Though most of my time these days workwise has been taken up with following the progress of Canada’s assisted suicide/euthanasia bill through Parliament, I have had some opportunities to write stories about people and ideas that give me joy and stir up hope.
Here are some links and excerpts:
Peter Kreeft was in Ottawa recently and here’s a report on a lecture he gave about the battle over the meaning of human dignity raging in our Apostate-Christian society.
A battle over the meaning of human dignity underlies the euthanasia debate, American philosopher and author Peter Kreeft told a conference organized by Catholic doctors June 4.
This battle is more significant than that of World War II in the 20th century, or the battle between radical Islam and Western Civilization in the 21st, Kreeft told a public lecture organized by the Canadian Catholic Federation of Catholic Physicians’ Societies.
The war over human dignity involves two opposing absolutes; two opposing “goods,” he said, and will not be solved until the end of time.
On one side is the growing popular view that human dignity is relative, subjective, and something one can lose, say, for example, if a wave washes away one’s bathing suit, or if one “farts at a dinner party,” Kreeft said. The other side holds the view each person has intrinsic, objective value, and is an end and not a means.
Kreeft dubbed one side of the debate “modernism” and the other “traditionalism.” Though he noted some legal regimes do not treat all human beings as persons for the sake of the law, “all human beings are persons,” and to deny that leads to “totalitarianism.”
“You are a person because you are a human being, not because the state says you are,” he said.
Under the traditional view, a human being has dignity that no one, not even the person himself, can abrogate, he said. Even if the person declares he has no human value and wants his organs to be harvested, that human dignity is not given him by the state, by the culture, or by society, and cannot be taken away from him.
One of the most popular modernist philosophies in North America is utilitarianism, he said, which promotes the “greatest happiness for the greatest number.”
That means you can have 50 cannibals happy because they eat the 51st, he said. Values are relative; human beings do not have any objective value. “You create your own reality.”
In a collective form, modernism holds that science and society create your value, Kreeft said.
Hughes is well past retirement age and has already been planning for her succession. She and another counsellor provide the counselling. But the well-invested legacies and donations from the 1990s will run out by 2017. On June 11, the wider community will celebrate anniversary for the House of Hope and Healing June 11 with “A Night of Hope” marking the successes of the previous years, and looking ahead for fresh vision.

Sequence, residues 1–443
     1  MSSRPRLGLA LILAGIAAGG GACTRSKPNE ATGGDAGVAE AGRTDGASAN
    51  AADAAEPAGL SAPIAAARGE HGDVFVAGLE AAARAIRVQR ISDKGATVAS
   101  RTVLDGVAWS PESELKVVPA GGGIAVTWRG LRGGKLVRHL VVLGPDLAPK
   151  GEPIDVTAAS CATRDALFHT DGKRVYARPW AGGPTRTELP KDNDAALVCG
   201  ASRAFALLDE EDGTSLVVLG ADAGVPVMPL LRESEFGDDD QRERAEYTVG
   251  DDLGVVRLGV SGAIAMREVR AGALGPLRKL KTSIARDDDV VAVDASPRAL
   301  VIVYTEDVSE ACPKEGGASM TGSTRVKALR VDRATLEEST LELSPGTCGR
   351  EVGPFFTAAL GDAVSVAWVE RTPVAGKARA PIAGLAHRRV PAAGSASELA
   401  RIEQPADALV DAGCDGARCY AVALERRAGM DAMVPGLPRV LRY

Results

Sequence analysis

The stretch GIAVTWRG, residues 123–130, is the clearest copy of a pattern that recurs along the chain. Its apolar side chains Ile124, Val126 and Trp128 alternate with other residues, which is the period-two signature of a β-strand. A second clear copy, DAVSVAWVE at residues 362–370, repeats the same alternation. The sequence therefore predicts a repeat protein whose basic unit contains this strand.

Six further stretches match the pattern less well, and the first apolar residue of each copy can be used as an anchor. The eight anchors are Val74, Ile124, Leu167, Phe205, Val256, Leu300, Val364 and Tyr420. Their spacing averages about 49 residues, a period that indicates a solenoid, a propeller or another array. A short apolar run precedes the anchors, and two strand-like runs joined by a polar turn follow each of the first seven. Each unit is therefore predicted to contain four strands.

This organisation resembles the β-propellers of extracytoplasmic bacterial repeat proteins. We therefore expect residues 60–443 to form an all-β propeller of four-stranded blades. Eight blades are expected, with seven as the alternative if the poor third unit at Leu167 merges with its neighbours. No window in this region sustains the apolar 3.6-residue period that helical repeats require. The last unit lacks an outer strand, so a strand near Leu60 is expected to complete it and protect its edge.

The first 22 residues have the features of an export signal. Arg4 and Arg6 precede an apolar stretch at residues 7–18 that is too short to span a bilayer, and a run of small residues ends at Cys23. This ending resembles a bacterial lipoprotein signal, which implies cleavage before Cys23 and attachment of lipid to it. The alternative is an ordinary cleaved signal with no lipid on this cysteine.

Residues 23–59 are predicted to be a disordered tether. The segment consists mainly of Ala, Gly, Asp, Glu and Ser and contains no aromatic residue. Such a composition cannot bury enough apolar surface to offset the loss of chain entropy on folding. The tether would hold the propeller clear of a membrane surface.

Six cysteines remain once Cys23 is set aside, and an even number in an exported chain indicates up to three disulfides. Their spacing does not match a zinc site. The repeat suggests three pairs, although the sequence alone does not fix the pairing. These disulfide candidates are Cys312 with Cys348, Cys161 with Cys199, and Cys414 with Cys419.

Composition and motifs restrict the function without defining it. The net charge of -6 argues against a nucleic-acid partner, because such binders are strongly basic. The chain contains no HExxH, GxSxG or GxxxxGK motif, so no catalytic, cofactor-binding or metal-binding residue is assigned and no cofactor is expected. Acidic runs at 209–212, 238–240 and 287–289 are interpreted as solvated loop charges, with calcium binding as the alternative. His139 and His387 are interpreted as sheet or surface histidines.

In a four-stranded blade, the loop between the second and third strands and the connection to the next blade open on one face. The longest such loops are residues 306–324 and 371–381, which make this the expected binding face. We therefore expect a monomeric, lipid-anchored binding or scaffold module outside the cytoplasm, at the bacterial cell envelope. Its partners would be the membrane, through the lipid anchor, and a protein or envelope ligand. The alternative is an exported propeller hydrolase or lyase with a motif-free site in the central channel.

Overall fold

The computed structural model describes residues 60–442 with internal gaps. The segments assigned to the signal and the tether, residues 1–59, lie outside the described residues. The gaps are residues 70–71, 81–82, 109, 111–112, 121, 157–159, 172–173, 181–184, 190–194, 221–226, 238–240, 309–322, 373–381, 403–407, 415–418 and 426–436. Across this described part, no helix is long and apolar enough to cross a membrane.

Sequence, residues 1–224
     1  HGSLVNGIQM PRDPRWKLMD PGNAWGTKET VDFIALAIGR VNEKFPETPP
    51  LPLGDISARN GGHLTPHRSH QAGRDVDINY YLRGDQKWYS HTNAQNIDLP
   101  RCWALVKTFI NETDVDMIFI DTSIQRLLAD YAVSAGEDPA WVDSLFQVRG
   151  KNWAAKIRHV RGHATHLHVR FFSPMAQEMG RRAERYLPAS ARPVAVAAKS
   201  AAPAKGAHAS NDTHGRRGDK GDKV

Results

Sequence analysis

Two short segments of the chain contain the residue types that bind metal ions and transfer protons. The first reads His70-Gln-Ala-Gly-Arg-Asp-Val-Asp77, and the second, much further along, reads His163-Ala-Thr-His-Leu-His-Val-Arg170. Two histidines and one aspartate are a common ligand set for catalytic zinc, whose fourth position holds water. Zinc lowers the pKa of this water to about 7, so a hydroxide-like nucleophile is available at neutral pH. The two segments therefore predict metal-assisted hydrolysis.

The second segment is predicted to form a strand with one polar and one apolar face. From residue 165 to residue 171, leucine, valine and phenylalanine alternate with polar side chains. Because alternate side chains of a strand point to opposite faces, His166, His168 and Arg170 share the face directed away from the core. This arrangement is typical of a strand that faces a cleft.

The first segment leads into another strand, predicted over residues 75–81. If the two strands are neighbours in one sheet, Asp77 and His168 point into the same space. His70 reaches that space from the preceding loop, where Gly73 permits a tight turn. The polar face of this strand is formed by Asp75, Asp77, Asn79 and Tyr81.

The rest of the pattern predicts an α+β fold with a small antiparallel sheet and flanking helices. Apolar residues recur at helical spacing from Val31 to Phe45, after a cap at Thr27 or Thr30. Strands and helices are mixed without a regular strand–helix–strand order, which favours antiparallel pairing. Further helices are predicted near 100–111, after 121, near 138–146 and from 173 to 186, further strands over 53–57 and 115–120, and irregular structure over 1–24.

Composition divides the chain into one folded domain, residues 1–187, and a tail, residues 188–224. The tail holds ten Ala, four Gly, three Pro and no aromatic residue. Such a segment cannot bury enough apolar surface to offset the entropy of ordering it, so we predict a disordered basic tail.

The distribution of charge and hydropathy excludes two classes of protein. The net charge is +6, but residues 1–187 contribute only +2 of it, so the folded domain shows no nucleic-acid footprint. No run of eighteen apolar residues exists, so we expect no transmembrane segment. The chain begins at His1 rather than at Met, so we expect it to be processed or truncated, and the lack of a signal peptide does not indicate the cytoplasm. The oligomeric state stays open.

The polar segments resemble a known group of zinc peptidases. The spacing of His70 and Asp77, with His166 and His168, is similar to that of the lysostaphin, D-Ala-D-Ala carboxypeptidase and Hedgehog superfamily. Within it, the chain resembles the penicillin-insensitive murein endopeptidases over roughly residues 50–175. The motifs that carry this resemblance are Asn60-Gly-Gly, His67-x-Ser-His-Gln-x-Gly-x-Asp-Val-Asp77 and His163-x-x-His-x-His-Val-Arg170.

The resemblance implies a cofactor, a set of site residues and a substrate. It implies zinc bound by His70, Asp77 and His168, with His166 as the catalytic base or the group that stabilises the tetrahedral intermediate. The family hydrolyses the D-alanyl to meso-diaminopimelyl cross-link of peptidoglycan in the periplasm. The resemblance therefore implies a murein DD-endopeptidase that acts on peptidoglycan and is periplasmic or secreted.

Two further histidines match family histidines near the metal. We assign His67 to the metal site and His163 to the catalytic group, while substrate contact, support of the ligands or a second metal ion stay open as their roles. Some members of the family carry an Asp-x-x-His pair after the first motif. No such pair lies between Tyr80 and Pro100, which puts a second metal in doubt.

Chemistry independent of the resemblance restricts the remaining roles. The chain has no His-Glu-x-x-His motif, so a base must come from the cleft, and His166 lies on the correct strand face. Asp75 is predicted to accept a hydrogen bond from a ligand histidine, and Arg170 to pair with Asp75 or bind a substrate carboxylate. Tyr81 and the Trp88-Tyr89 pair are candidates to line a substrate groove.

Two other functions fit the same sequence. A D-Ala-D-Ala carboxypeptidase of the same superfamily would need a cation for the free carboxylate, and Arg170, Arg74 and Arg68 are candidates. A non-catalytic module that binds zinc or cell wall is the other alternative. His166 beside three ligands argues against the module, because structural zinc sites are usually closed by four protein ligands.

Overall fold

In Hughes’s counselling office, there’s a small table by the wall holding items clients have left behind that contain a story of their healing journey: a red boxing glove, a brightly coloured plastic rooster, a framed picture of Jesus, dolls, a clock, a sculpture of a circle of people embracing, and other items. On the floor underneath and beside are stuffed animals, an assortment of rag dolls, and a child’s bike.
While she has been able to talk about Jesus in her counselling, she has not pushed her faith on her clients. In fact, she had one patient who refused to allow any mention of God during her counselling sessions because of the association of that word with childhood abuse she’d suffered from a family member.
But then, sitting in the office during a counselling session near the table of mementos of suffering and healing with her eyes closed, the patient sensed Jesus present. She felt she heard Him say to her: “Give Me those burdens, My child. I have been waiting for you to ask Me to heal you all those years.”
At the House of Hope and Healing, Jesus has had a way of showing up.
At this school for boys aged 12-17, Faubert had a spiritual experience in Sept. 1979 that transformed his life. He said he heard Jesus tell him, “Alain, I know you. I love you.”
“This is such an event, so bright, so full of life, I hardly remember what was going on before,” he said.
He recalled he was “not a troublesome child,” and he was “not asking about my purpose in life.” Everything was normal, even boring, as he played basketball, hockey and football and led “a basic teen life.”
Then he began taking a religious studies class with a Marist Brother who was “quite a challenging guy” and “in your face.”
“I’m starting a prayer group, guys,” the Brother said. “I expect you to be there.” He then gave the date and time. Of 200 students, only three showed up. The other two had had experiences with the Lord through the charismatic movement, and were telling each other how the Lord had done something so beautiful in their lives.
One of them, who is still one of his best friends, turned and asked him, “Well, Alain, what has the good Lord done in your life?”
That when “it hit me like a truck. Jesus was there,” he said. “This is central in my spiritual experience, to come to know that I exist in God’s heart and mind . . . that He acts for us; He is present.”
The prayer group of three students “grew and grew,” he said. But a vocation to the priesthood was not on his mind, only being a good, committed Catholic.
The next experience shaped by Marist Brothers concerned time he spent as a summer camp counsellor at Camp Mariste in Rawdon, Quebec where the Marists ran as an outreach to young people from poor neighborhoods in Montreal and nearby rural areas.
“I was a counsellor there for ten years, being with these kids, experiencing the fact they needed to be loved,” he said. “That is so much part of the Marist spirituality, to be with them, to listen to them, to care for them.”